For Immediate Release: March 3, 2011
Contact: Roger Noyes, (518) 810-0665 office, (518) 275-6961 cell
HCA President Joanne Cunningham today delivered testimony before a joint hearing of the Senate Finance and Assembly Ways and Means Committees urging the Legislature’s rejection of the disastrous, disproportionate and lethal home care reductions and unfunded wage mandates in the package recently approved by the Cuomo Administration-led Medicaid Redesign Team (MRT): a $1 billion impact to home care, according to updated estimates.
“The disastrous proposals advanced by the MRT pursue a misguided path of direct cuts, unfunded wage mandates and a one-size-fits-all approach to care management that would collapse long-standing, successful program models as part of an unprecedented $1 billion impact on New York’s home care system,” Cunningham said. “While home care represents 12% of Medicaid, the home care cuts, reduction actions, and unfunded wage mandates total 36% of all provider impacts included in and resulting from the MRT package.”
Cunningham added: “Every single day, home care saves millions of Medicaid dollars and keeps the health system functioning while providing life-saving and life-sustaining care to hundreds of thousands of New Yorkers. Without these services, hospitals and emergency rooms would overflow; elderly, chronically ill, and disabled patients would be institutionalized; and taxpayers would be paying higher Medicaid costs.”
Despite not having a seat at the MRT table, HCA has repeatedly shared with the Executive and Legislature HCA’s own proposals for making the Medicaid system more efficient. These proposals, largely excluded from the MRT process, are outlined in HCA’s Blueprint for Home Care Reform and Efficiency and amount to hundreds of millions of dollars in savings. Cunningham urged the Legislature’s consideration of HCA’s more constructive, policy-based proposals in place of direct home care cuts, mandatory managed care enrollment, and unfunded wage mandates in the MRT plan.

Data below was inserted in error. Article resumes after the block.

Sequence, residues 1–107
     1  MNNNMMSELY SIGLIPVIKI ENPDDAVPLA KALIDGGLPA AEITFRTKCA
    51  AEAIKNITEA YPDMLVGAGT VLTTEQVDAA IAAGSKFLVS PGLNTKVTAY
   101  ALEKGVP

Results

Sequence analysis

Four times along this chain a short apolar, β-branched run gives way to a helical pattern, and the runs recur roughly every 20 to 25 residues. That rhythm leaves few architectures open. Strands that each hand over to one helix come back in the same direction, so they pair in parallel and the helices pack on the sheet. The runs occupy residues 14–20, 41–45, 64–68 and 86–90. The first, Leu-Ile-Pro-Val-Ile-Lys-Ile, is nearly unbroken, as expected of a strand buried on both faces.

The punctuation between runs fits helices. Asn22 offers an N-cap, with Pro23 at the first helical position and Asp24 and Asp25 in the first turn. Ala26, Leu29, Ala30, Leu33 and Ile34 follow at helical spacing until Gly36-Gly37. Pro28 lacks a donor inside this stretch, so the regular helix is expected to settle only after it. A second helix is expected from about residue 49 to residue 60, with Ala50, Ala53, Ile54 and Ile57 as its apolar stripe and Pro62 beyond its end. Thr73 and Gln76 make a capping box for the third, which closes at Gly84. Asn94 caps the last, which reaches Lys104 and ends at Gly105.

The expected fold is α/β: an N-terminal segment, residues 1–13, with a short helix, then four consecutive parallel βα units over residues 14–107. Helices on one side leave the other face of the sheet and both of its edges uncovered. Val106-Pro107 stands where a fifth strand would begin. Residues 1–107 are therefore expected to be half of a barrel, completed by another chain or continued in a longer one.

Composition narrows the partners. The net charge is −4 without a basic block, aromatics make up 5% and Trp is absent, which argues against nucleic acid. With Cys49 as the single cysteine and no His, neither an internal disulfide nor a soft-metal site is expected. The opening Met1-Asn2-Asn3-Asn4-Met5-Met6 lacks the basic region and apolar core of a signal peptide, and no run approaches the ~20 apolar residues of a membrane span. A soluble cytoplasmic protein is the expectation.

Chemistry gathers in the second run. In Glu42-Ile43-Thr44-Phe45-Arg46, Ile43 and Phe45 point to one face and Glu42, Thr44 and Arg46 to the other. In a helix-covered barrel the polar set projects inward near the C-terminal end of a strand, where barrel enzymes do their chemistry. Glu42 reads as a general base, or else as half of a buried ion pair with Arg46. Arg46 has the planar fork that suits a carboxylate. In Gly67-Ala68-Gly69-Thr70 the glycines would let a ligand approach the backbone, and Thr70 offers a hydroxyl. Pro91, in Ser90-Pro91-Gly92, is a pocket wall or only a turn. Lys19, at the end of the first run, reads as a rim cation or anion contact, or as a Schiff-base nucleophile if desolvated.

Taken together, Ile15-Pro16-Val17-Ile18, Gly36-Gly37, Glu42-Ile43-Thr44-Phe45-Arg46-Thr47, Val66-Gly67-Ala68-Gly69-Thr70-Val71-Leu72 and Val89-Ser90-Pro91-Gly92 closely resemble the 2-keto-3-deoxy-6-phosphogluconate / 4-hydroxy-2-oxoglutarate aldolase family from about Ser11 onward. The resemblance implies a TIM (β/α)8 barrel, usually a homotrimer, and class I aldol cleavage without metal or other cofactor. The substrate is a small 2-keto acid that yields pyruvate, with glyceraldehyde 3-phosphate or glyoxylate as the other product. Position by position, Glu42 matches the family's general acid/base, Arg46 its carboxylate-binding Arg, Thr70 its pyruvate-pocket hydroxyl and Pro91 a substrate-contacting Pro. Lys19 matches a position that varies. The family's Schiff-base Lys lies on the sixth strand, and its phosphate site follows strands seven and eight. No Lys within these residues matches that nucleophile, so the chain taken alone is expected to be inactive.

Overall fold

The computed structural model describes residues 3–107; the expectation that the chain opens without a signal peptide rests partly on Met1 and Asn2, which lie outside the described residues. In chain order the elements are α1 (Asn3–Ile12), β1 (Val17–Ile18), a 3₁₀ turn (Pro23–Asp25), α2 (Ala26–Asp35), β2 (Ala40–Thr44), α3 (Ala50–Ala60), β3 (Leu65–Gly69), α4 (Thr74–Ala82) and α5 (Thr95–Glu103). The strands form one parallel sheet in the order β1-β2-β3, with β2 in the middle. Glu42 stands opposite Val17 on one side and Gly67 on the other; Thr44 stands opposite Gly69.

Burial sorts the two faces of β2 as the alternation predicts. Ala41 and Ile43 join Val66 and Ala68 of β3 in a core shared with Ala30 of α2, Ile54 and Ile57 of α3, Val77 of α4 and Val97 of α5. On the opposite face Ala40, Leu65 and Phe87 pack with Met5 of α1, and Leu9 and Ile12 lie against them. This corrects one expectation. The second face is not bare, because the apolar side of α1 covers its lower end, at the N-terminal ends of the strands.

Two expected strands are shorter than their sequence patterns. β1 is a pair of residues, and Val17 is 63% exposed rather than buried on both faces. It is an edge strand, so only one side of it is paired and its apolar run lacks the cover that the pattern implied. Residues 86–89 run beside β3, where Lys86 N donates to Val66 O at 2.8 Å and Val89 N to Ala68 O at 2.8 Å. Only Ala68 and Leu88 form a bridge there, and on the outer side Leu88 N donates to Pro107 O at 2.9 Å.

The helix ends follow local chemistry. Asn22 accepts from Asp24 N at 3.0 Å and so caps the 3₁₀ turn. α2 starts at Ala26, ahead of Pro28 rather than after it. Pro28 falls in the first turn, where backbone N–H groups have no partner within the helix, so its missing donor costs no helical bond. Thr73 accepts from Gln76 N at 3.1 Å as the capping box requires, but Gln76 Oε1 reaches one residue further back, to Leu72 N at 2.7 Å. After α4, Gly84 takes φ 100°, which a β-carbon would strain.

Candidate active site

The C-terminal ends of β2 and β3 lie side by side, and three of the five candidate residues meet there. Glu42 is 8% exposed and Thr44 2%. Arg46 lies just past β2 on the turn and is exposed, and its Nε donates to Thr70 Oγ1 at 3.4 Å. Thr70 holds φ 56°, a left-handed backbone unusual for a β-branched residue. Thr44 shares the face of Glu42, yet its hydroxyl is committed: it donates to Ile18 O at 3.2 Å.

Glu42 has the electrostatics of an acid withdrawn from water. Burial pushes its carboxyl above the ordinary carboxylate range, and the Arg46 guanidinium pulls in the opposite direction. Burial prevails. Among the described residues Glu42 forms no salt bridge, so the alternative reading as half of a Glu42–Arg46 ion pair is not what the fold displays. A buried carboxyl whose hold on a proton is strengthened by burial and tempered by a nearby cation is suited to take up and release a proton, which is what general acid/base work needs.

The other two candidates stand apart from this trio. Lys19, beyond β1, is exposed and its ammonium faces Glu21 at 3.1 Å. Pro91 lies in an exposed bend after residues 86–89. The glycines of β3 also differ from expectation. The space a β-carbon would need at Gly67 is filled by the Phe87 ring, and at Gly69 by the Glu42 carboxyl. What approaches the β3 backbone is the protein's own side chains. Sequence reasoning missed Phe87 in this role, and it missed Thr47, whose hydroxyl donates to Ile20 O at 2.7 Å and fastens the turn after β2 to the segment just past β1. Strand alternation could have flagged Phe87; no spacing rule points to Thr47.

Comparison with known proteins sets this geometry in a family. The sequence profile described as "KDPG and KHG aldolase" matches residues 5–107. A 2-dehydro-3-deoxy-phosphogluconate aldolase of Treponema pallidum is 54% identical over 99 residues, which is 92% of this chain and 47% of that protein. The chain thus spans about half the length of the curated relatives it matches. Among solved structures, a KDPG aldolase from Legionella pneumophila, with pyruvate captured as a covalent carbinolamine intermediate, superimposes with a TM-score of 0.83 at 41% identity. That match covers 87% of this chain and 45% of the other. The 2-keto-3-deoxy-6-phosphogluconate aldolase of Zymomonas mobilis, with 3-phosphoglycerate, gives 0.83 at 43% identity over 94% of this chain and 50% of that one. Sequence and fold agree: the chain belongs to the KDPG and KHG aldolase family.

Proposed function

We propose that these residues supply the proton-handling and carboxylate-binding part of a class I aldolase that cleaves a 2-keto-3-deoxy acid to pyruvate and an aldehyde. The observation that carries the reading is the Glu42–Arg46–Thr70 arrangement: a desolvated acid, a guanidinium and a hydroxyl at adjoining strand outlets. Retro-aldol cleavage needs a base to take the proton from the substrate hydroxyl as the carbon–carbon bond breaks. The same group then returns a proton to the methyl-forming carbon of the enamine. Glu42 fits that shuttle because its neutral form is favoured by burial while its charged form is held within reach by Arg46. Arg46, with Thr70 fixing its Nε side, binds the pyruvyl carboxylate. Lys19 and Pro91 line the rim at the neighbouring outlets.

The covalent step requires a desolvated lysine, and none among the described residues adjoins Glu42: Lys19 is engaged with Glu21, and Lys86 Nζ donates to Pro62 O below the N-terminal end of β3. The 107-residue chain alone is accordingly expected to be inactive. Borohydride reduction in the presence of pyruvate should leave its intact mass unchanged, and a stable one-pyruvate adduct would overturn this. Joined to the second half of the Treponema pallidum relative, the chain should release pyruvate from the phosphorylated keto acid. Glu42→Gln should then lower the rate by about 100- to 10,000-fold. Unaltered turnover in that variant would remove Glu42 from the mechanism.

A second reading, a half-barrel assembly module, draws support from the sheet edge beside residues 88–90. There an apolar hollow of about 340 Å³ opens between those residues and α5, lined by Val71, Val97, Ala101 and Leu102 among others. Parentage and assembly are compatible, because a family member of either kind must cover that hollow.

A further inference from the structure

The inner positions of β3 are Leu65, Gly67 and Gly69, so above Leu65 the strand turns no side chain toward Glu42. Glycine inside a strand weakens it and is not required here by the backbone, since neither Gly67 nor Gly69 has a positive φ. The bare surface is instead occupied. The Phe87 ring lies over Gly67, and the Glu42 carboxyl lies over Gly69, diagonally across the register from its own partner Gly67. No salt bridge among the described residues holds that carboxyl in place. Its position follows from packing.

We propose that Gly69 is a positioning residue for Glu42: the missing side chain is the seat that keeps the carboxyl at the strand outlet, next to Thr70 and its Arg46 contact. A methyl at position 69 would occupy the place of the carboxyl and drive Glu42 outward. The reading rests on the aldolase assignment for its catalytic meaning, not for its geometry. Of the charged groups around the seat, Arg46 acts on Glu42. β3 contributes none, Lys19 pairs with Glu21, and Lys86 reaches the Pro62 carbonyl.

She noted that direct cuts alone are enough to ravage major components of the home care infrastructure, given that 70% of home care providers are operating in the red. On top of direct cuts, the enrollment of chronically ill, disabled and elderly patients into a single model of care management will decimate existing care models which already save health care dollars. These MRT proposals together will cut $523 million from the existing home care system.
Cunningham also explained that an unfunded home care wage mandate would unfairly impose new costs on providers — to the tune of $418 million per year — at the same time that providers are deluged with chronic cuts and underpayments which already fail to provide the reimbursement necessary to support such wage increases.
“The home care community certainly supports a payment system that provides adequate reimbursement for services and compensation for caregivers,” she said. “But this proposal amounts to an unprecedented form of state wage control for a single category of worker without any corresponding payment support from the state.”